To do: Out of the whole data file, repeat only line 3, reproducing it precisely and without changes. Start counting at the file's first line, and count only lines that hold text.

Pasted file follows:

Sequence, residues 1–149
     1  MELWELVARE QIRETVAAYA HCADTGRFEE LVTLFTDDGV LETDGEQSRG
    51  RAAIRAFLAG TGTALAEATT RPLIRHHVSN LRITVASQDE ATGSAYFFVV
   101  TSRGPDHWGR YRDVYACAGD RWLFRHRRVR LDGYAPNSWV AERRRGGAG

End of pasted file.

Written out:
    51  RAAIRAFLAG TGTALAEATT RPLIRHHVSN LRITVASQDE ATGSAYFFVV